Misclassification Robs Workers of Pay and Benefits, Hurts Honest Companies

News today on the misclassification of construction employees and recent court decisions in Oregon and California that FedEx’s employees are not independent contractors are reminders that misclassification of workers is rampant in this country and that misclassification hurts workers, honest companies, and government at every level.

“Companies have put more and more risk, responsibility, and cost on their employees-requiring employees to pay their own employment taxes, to do without worker’s comp coverage, to pay for their own uniforms, and to rent the tools they need to work,” said EPI’s Vice President Ross Eisenbrey, who has studied misclassification since the 1990’s. “Misclassification robs workers of fair pay and benefits, and contributes to an economy where wages are flat, profits are soaring, and CEOs and top brass get the lion’s share of pay increases. Meanwhile, the companies that do not arrange their business to avoid their employment responsibilities are disadvantaged. It’s not just bad labor practices, it is unfair competition.”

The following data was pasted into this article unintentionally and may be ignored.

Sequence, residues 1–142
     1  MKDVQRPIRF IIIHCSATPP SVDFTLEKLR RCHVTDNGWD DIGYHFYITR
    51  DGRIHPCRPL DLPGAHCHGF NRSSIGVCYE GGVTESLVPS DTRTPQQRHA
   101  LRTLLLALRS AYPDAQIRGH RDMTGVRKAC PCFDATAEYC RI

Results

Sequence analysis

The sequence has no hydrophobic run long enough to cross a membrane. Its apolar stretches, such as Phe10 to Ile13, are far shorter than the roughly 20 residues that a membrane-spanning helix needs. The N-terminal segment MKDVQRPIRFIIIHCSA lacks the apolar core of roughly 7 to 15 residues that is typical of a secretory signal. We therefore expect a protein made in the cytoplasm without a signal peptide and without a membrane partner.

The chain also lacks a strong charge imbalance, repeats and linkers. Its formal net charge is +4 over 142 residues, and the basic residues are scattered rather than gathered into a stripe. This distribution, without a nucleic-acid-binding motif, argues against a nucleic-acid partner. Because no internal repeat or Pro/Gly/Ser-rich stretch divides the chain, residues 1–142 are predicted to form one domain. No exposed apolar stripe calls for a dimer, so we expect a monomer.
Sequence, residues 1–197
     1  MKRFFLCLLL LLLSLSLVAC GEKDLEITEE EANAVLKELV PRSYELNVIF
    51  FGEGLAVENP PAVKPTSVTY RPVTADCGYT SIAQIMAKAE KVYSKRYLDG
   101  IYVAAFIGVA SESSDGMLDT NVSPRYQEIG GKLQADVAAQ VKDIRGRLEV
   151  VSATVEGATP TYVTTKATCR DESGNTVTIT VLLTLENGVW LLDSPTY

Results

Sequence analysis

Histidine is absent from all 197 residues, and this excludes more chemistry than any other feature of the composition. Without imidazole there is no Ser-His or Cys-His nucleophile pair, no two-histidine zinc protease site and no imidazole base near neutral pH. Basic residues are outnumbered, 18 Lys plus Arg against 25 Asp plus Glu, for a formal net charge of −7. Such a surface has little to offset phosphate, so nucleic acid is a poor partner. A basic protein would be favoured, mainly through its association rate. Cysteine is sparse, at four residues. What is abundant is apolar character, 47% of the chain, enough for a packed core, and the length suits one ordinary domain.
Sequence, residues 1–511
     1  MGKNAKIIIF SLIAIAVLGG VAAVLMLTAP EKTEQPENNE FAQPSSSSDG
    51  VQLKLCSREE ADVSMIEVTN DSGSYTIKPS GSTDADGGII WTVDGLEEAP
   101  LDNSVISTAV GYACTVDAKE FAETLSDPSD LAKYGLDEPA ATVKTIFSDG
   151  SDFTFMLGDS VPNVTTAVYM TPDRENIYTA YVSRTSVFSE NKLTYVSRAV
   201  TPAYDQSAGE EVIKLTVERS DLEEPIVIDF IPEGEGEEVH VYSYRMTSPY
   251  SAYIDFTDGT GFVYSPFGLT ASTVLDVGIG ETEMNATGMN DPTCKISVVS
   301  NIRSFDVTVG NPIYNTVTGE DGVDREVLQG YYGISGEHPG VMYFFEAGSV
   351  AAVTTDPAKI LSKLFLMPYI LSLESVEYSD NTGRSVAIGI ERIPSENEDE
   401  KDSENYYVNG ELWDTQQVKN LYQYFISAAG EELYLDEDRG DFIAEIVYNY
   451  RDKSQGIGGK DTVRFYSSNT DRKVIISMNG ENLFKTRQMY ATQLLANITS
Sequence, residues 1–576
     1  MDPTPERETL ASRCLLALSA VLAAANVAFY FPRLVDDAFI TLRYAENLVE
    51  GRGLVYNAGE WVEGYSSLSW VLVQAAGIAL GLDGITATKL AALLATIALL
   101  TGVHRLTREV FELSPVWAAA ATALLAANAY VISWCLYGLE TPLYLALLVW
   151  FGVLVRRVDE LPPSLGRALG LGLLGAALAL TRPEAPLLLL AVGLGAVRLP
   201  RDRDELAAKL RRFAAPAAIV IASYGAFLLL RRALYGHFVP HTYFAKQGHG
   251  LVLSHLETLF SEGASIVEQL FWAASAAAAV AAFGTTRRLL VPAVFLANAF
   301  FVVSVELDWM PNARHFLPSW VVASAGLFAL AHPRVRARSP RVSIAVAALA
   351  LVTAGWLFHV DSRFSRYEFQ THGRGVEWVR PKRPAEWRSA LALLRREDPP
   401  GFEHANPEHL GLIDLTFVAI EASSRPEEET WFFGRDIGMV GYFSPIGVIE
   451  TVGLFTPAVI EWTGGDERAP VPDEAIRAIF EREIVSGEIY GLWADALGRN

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Income inequality is fixable in construction

Across the country, states and localities can respond to the President’s call to action and grow wages, create jobs, and reduce income inequality in at least one sector: the construction industry. Today, the Illinois Economic Policy Institute (ILEPI) is pleased to release a new study co-authored with Professor Robert Bruno, a labor expert at the University of Illinois at Urbana-Champaign, on labor market institutions in the construction industry.

The study, Which Labor Market Institutions Reduce Income Inequality? Labor Unions, Prevailing Wage Laws, and Right-to-Work Laws in the Construction Industry, finds that prevailing wage laws did a good job matching common construction rates with the actual market price of labor, increasing worker incomes by just 1.2 percent. On the other hand, they have no negative effect on the total incomes of contractor CEOs. Prevailing wage laws, the data show, reduce income inequality between the highest earners and the lowest earners of the construction industry by 45.1 percent.